This has definitely NOT been a boring summer. Summers usually bring a level of doldrums in market activity as participants are on vacation, but this year has seen a very busy summer, with Greece almost imploding and China trying to engineer a hard landing for its economy rather than a crash. 

Putting those other issues aside for a moment, we have another major development going on just south of the border. The Mexican peso hit an all-time low this week. It is now more than 11 percent down from the beginning of the year. Interestingly, that is the same amount of damage that was done to the Canadian dollar, and the cause of the pain is the same — low oil prices. This has been a tough year for Mexico. In addition to low oil prices, there has been a decent amount of social unrest, corruption scandals and violence. The “El Chapo” jailbreak was another setback on several levels. 

Mexico also suffers from high expectations. Back in 2012 when Enrique Pena Nieto was elected president, Mexico was riding a wave of 4 percent GDP with the potential for more as Mr. Nieto set out to reform many institutions, particularly Pemex — the country’s government-owned oil company. GDP expectations have diminished to the low 2 percent range as the country’s economic prospects sagged along with oil prices. Poverty conditions are such that nearly four out of five Mexicans are either poor or vulnerable to being poor. What is particularly disheartening for Mexico is that these low oil prices come at a time when the reformation of Pemex really needed higher prices and revenues to fund system improvements.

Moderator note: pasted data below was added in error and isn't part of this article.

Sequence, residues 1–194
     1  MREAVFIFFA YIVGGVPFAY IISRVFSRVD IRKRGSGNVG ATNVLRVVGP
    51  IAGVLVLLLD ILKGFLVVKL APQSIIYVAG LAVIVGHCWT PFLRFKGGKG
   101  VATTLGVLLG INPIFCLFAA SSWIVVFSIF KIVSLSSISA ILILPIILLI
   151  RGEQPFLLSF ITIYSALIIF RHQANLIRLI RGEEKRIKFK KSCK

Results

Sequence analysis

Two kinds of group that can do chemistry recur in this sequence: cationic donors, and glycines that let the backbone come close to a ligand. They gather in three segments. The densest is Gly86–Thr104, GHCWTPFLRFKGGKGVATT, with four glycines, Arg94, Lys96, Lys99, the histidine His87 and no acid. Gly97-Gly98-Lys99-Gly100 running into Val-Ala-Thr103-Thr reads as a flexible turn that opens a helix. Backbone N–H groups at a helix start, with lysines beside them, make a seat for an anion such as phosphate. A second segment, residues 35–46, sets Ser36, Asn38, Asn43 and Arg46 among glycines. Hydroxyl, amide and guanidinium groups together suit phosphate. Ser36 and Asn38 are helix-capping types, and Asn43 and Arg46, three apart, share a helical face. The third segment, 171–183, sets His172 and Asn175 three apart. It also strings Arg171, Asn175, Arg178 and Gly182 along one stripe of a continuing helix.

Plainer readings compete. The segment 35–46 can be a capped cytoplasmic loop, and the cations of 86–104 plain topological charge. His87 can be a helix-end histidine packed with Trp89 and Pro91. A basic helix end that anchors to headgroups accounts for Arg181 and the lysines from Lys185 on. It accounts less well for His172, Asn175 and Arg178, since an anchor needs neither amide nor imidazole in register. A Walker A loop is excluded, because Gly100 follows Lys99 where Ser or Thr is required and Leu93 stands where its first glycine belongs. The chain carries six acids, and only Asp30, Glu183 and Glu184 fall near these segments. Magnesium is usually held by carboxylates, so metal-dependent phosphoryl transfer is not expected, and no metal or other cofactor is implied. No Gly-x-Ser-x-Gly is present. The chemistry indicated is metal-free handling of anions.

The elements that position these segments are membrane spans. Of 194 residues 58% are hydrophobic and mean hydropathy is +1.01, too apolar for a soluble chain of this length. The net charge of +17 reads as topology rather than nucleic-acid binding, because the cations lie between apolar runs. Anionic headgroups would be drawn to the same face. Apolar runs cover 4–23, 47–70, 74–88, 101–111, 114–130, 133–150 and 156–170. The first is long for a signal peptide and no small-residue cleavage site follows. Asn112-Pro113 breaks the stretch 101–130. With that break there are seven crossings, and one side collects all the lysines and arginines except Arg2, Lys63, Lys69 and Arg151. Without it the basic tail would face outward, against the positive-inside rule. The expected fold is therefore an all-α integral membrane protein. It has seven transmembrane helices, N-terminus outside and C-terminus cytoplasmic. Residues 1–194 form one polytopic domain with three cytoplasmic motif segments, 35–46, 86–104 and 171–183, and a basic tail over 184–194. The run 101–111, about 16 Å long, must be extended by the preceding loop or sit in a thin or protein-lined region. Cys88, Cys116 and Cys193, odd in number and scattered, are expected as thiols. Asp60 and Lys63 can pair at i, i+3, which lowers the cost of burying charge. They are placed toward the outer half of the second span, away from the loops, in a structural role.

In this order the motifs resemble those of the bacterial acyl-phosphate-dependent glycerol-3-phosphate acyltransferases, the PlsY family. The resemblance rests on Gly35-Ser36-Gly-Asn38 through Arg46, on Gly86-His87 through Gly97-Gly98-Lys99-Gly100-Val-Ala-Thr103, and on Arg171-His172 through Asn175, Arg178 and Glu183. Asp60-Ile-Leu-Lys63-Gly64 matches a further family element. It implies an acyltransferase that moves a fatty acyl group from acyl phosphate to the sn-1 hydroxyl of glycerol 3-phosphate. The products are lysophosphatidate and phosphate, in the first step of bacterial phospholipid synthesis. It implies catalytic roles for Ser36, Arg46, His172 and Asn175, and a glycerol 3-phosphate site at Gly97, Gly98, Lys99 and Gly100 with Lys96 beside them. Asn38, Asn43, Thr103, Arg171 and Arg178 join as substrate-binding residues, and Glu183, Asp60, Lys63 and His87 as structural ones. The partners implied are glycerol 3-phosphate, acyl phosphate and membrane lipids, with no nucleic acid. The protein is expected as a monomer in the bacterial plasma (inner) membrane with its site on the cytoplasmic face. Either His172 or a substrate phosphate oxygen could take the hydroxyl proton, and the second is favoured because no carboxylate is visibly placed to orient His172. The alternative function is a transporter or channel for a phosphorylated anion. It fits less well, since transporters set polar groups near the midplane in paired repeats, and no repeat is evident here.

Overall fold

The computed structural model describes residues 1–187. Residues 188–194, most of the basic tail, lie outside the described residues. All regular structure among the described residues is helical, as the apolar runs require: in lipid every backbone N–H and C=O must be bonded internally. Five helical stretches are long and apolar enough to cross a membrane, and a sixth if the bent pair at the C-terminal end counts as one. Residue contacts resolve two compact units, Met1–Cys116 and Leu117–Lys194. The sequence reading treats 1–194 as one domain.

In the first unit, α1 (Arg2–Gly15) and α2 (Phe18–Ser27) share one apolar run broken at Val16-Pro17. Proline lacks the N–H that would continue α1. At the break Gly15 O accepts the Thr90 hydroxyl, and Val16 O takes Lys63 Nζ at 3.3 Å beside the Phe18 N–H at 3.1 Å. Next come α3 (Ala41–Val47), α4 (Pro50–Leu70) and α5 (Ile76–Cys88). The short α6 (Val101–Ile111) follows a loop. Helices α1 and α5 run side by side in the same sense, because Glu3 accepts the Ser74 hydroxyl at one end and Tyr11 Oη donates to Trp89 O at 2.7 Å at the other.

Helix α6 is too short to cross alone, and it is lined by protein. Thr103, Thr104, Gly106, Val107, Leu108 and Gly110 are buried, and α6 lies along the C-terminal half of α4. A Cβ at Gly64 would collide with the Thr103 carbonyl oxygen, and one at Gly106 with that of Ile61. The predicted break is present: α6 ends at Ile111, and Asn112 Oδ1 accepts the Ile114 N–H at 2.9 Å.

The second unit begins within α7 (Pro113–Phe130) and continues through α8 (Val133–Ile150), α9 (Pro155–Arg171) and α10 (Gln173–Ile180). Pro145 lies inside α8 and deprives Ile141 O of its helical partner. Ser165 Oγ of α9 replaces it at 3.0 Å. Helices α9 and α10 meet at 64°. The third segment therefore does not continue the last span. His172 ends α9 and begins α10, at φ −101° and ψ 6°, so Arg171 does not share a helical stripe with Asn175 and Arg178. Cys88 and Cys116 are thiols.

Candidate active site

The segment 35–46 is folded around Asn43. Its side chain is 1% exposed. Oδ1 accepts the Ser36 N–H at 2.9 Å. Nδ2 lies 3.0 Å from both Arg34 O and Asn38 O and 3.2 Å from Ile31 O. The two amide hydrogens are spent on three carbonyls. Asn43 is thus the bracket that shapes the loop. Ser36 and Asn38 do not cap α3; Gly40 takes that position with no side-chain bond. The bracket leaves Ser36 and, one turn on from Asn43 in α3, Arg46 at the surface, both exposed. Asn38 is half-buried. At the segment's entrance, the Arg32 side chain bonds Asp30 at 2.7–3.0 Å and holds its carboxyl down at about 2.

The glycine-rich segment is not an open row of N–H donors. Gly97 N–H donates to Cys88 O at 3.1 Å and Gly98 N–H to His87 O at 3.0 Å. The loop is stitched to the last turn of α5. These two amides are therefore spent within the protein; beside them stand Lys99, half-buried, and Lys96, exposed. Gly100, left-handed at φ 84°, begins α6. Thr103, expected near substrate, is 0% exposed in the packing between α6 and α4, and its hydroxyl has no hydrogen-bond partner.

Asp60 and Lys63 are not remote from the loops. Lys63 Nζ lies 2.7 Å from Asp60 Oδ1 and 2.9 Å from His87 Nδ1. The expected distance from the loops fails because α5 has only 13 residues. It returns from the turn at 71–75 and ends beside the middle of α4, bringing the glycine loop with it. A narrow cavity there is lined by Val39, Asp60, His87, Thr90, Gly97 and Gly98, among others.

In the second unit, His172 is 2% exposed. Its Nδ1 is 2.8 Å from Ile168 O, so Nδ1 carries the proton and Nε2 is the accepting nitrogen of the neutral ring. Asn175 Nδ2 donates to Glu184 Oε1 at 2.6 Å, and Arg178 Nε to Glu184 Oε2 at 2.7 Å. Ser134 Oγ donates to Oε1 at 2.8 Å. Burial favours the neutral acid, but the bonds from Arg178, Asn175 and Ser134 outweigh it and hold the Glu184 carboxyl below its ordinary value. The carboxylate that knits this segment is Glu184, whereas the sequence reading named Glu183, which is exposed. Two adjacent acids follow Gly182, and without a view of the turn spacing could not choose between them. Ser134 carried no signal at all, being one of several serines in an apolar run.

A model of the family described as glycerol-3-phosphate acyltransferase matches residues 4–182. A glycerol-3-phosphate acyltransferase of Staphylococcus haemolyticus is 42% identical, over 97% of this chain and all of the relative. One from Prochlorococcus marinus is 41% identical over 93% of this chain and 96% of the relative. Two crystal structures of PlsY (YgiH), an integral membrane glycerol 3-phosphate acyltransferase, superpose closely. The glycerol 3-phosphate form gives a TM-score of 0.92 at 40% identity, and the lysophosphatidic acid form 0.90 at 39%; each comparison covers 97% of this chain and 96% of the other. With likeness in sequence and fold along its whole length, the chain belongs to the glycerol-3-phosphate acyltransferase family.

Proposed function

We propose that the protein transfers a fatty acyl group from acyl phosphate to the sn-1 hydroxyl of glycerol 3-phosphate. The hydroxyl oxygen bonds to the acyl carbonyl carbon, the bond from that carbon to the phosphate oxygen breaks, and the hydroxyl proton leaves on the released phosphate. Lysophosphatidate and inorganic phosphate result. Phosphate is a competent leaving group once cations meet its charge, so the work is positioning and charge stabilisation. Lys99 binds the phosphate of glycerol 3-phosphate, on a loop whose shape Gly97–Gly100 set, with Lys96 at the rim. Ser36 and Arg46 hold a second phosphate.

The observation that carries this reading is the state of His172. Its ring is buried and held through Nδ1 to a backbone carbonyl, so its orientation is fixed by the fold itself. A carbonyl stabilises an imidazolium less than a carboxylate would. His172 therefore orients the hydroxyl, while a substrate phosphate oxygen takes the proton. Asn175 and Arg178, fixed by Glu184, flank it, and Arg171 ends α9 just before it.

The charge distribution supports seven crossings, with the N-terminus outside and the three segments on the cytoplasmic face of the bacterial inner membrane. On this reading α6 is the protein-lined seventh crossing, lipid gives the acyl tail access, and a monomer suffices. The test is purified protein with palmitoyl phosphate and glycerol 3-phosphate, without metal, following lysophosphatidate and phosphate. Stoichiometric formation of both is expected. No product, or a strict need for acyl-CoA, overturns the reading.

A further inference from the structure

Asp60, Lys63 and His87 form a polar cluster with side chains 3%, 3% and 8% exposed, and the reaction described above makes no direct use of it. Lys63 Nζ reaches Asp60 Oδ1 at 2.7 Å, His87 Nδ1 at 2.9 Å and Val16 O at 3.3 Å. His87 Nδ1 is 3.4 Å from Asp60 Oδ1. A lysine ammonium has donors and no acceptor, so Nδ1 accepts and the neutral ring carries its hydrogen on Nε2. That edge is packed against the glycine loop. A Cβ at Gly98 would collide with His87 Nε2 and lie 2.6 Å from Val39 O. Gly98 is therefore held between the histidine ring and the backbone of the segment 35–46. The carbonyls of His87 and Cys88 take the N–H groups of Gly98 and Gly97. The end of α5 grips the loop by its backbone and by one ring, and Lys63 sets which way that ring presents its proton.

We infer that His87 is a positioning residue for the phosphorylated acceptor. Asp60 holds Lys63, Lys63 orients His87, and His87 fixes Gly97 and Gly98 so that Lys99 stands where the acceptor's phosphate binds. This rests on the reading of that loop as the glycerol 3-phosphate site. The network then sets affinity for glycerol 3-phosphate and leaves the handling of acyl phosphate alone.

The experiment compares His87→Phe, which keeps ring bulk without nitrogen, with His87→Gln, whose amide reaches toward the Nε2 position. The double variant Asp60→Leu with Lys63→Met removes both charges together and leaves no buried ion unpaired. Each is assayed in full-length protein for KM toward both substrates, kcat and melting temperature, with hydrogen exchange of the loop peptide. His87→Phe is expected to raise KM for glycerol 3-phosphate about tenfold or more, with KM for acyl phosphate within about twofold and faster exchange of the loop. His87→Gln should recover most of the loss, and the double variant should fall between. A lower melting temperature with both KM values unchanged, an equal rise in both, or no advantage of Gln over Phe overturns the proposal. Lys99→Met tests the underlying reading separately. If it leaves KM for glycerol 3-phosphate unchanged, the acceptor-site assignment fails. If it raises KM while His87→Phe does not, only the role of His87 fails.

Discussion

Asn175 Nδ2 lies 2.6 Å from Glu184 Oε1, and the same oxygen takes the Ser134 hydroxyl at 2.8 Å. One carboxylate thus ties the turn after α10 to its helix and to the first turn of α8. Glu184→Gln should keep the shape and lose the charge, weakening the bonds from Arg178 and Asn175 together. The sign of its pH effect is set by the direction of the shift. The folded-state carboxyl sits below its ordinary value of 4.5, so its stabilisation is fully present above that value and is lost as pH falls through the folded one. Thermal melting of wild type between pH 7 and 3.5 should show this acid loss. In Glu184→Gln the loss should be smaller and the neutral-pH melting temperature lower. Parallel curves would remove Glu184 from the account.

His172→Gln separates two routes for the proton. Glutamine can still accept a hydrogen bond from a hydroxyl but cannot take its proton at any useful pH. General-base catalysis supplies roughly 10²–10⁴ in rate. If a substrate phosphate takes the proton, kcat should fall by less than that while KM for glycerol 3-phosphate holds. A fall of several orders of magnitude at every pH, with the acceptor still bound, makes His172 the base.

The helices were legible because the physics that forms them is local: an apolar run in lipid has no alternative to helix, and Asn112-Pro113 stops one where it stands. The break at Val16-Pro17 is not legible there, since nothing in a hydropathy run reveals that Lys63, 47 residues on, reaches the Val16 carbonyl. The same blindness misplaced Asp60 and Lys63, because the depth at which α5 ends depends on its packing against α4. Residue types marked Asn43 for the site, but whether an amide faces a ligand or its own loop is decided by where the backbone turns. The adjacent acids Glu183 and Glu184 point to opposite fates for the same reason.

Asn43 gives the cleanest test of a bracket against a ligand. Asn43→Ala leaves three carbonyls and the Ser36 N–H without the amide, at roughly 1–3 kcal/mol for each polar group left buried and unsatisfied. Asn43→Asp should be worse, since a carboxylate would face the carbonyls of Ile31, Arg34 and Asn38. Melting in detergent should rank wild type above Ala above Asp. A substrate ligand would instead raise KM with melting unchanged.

The country does have a respite from inflation, which has been very tame owing to a variety of factors. This respite has allowed Mexico’s central bank to stay with a very easy monetary policy to help contain the economic downturn, but this has been part of the reason we have seen such a weak peso. Those easy days may be numbered though, as once the Fed starts raising rates there is an expectation that Mexico will have to raise rates as well to keep its currency from getting whacked even further.

My View: There is a difference between economic mismanagement and just finding yourself in a tough spot. Realistically the government of Mexico has done the best it can, having been dealt a tough hand. It is generally on the right track economically though, and will be doing better when oil recovers.

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